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    Sure, one shot, the first of the day, at 100 yards, over several trips gives you a pretty good idea of where the bullet will go the first time you pull the trigger.

    I know where the bullet will go at 100 yards. I’ve tuned and tweaked and experienced the load. So cold bore, for me, is more of a shooter ability at 850 than a rifle ability. Like I said, set up, make a read, and let it fly. Things happen different, for three weeks the bullet drifted left to right. Last week it was backwards and I missed the first shot. I missed something in my read. I hit the second time, but cold bore was a miss.
     
  12. WildRose

    WildRose Well-Known Member

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    There are good definitions above but in general it is a shot fired from a barrel at ambient temperature.

    If you let the barrel cool back down to ambient between shots essentially each shot will be a cold bore shot but not a "clean cold bore shot" unless you are cleaning between every round.
     
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  13. cjuve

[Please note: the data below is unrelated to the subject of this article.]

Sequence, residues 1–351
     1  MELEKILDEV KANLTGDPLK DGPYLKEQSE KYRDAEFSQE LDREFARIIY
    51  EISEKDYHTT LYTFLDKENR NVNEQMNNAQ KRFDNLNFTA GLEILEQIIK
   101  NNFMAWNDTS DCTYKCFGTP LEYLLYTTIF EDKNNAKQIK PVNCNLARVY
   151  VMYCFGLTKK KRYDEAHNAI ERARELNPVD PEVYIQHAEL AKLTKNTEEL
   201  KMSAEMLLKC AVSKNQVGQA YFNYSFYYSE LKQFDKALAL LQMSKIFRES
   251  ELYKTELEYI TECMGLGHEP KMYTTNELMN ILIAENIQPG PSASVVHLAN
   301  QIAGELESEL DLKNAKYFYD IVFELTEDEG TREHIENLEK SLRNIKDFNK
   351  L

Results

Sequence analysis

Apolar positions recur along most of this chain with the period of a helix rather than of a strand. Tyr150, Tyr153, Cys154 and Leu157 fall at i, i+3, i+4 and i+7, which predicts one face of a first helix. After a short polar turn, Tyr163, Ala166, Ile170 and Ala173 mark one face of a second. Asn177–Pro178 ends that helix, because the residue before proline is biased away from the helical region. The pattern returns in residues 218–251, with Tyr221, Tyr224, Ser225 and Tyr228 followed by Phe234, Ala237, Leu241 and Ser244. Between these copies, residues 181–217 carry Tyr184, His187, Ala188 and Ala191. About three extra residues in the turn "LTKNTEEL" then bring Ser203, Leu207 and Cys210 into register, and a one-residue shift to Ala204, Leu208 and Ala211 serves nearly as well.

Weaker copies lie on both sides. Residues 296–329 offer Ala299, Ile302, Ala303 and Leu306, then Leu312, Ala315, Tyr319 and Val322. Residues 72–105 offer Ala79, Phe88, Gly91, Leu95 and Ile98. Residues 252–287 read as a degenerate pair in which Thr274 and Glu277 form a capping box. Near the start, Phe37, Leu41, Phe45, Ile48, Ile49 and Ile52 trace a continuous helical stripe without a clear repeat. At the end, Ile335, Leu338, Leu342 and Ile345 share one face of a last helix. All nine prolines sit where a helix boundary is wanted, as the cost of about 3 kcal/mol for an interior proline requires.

cjuve Well-Known Member

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    Cold bore to me is POI =POA on first round out of the barrel
    at ambient temps. Before I call a rifle sighted in I will go to the range and fire the first shot at 100 on a cold bore just to verify that it is good.

    Picture for reference.... cold bore @ 100 yds for 3 rifles on the same day I plan on going back and testing the same thing this weekend. 0E3650ED-7390-431C-B082-0AE082D5D5E4.jpeg
     
  14. Rich Coyle

    Rich Coyle Well-Known Member

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    To test "cold bore shot" I took a rifle I was comfortable to 400 yards to the range, fired a shot and took down the target. I did this for six days. At the end of six days I had an excellent record of what to expect from that rifle. The groups was perfectly centered 2" high at 100 yards and measured 1.04".

    Can't get more cold bore than that.